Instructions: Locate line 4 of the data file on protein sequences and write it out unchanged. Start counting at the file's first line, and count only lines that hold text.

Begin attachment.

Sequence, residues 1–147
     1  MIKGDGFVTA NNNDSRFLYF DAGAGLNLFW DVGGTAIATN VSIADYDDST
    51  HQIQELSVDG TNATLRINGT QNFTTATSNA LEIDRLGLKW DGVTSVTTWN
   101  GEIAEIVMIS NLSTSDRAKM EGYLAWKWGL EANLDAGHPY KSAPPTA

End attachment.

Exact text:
   101  GEIAEIVMIS NLSTSDRAKM EGYLAWKWGL EANLDAGHPY KSAPPTA